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Watchdog group says most Myanmar log exports are illegal; ban likely to have little effect

Most of Myanmar's log exports in recent years have been illegal according to international trade data, an environmental watchdog group said Tuesday, in a sign that an export ban due to begin next week is likely to have little effect.

The state Myanma Timber Enterprise said the government will prohibit log exports starting April 1 to reduce deforestation and boost the country's wood processing industry.

The Environmental Investigation Agency said an analysis of international trade statistics showed that global buyers reported importing 22.8 million cubic meters of logs from Myanmar in 2000-13 — 16.4 million cubic meters more than was listed in the government's own export figures.

This suggests that 72 percent of the log shipments were illicit, the London and Washington-based group said.

"These illegal exports were worth nearly $6 billion — four times the combined 2013-14 education and health budgets for the entire country," it said. It attributed the discrepancy to "widespread criminality and corruption in Myanmar's timber sector."

It said figures from the Ministry of Environmental Conservation and Forestry published earlier this month by Myanmar's Eleven Media group showed that government-authorized harvest volumes in 2001-13 in the regulated industry accounted for just 53 percent of recorded global imports of Myanmar logs, suggesting that the illegal logging rate was at least 47 percent.

The EIA's report, "Data corruption, exposing the true scale of logging in Myanmar," was released Tuesday after government offices were closed, and an official response was not immediately available.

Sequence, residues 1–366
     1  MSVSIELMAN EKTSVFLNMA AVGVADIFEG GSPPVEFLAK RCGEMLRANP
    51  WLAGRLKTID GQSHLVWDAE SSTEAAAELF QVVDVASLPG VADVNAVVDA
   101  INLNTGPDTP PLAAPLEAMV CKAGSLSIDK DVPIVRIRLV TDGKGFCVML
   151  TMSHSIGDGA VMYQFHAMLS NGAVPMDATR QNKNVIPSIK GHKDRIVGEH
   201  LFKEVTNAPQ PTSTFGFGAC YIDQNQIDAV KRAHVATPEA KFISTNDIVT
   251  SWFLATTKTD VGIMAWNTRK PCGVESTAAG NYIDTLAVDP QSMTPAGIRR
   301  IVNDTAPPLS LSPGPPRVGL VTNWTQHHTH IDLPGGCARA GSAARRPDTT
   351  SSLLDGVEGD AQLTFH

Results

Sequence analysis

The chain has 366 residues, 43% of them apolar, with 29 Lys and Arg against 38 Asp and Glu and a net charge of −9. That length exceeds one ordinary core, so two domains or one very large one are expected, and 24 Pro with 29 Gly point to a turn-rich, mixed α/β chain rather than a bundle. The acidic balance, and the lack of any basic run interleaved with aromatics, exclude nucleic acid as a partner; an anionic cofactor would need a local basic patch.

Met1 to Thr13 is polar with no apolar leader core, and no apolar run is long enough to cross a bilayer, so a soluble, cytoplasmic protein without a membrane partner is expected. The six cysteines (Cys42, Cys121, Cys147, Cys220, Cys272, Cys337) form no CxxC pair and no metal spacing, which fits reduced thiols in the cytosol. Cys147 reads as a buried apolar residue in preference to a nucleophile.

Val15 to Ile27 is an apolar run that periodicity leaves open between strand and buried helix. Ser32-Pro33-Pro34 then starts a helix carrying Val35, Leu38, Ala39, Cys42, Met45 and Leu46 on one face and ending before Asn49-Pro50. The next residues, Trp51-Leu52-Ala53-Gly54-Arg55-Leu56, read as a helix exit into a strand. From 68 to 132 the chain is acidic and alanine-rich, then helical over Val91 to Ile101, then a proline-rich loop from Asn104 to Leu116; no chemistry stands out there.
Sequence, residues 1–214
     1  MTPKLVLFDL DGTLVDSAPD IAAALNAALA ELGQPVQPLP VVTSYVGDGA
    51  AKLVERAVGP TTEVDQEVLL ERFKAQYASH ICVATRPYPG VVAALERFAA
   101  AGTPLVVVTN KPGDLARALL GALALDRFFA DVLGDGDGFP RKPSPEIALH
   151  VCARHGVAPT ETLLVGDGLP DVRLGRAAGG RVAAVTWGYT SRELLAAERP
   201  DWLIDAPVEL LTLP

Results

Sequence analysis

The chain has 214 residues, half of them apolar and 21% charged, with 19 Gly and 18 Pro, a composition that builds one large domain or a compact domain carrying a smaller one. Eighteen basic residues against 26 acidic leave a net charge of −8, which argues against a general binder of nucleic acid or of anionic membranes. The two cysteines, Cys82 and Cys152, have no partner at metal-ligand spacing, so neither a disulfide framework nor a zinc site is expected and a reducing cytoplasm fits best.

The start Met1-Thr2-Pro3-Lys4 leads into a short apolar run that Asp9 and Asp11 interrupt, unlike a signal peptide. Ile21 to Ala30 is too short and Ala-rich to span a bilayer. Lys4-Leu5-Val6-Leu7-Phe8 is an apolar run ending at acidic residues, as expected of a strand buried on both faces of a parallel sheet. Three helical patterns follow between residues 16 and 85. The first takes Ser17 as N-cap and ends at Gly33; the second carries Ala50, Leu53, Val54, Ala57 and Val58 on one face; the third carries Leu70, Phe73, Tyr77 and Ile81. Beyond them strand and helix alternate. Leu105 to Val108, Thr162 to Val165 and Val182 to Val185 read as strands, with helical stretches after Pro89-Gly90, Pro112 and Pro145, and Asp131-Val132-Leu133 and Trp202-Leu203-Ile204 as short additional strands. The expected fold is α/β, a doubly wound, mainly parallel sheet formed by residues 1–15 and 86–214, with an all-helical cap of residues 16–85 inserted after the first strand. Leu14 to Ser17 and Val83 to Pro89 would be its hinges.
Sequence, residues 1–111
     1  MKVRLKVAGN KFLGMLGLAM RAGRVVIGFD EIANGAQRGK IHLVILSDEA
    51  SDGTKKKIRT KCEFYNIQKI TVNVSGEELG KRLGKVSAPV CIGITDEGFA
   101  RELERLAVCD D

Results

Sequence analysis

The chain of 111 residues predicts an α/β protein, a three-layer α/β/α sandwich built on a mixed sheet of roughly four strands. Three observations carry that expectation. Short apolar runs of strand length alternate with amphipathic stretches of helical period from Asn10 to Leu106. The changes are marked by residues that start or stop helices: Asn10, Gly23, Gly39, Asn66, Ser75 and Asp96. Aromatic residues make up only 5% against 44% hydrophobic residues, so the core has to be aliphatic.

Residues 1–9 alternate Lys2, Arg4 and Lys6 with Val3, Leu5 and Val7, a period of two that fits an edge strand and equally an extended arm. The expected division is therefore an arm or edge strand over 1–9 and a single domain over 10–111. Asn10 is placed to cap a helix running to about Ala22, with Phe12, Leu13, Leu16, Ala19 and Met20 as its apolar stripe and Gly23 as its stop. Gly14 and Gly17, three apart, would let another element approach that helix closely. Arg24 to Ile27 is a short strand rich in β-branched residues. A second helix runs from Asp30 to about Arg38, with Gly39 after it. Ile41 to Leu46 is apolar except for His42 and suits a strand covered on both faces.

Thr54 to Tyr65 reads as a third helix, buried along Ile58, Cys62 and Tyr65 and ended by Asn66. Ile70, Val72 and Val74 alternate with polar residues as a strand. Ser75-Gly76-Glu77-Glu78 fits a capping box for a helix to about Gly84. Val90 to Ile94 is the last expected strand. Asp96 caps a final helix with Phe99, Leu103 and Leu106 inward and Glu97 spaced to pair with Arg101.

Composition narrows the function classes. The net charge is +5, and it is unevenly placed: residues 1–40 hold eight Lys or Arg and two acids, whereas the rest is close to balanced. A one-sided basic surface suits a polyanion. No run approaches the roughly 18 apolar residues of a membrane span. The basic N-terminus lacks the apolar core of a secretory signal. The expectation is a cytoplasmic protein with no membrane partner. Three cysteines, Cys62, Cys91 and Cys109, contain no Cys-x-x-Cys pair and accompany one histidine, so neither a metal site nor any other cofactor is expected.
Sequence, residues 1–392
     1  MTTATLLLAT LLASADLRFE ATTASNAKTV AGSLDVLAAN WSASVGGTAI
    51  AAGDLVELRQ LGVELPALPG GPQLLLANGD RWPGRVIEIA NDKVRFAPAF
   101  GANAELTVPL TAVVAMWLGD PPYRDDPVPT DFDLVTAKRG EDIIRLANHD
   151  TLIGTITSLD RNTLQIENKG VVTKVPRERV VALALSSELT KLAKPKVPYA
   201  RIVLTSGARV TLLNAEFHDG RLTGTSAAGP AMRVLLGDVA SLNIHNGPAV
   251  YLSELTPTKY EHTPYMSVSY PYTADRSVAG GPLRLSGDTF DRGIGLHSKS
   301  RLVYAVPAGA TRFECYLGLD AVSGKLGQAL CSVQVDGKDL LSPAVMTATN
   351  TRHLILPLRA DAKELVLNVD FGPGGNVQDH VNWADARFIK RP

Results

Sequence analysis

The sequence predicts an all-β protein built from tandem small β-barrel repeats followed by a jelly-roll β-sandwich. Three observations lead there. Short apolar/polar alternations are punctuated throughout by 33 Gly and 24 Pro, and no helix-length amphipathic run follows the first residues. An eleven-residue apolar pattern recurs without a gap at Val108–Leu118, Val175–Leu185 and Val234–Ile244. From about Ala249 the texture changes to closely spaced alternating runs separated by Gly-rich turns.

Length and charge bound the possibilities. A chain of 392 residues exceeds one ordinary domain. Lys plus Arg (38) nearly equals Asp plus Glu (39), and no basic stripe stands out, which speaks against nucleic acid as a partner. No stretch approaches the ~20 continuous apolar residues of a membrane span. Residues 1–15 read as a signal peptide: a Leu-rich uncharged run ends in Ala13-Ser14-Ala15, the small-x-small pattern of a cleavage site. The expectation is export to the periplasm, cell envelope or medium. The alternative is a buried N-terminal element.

The report noted, however, that "Myanmar's government has claimed that most illegal logging and timber smuggling occurs in areas controlled by ethnic groups, particularly in Kachin state bordering China's Yunnan province, a major recipient of illegal timber."

But it said that even if trade across the border with China is discounted, official exports did not account for most of the remaining imports reported by other countries.

According to the most recent available official data, Myanmar's forest cover shrank from 57.9 percent of its total land area in 1990 to 47.6 percent in 2005.

The sale of teak and hardwood logs has climbed since a nominally civilian government succeeded a military junta in 2011 and liberalized the economy.

The government says it earned about $569 million from the export of 1.24 million cubic tons of wood in the 2012-2013 fiscal year, with China, India and Thailand the major buyers.

Chinese demand for wood has been driven by its prosperity and growth as a global manufacturer. China banned the felling of its own old-growth trees in 1998, fueling imports of illegal wood from Myanmar, especially high-end varieties such as rosewood and teak. Efforts in recent years to reduce smuggling had been thought to be successful, though detailed statistics were not previously available.

"The imposition of a log export ban in Myanmar from April 1, 2014, indicates the government is now attempting to stop the flow of logs from the country," the EIA said. "This is a long overdue acknowledgment that Myanmar's forests have been systematically looted during the past 15 years."

"Reform of the timber sector is urgently needed to counter the pervasive corruption and secrecy which continue to threaten Myanmar's dwindling forests," it said.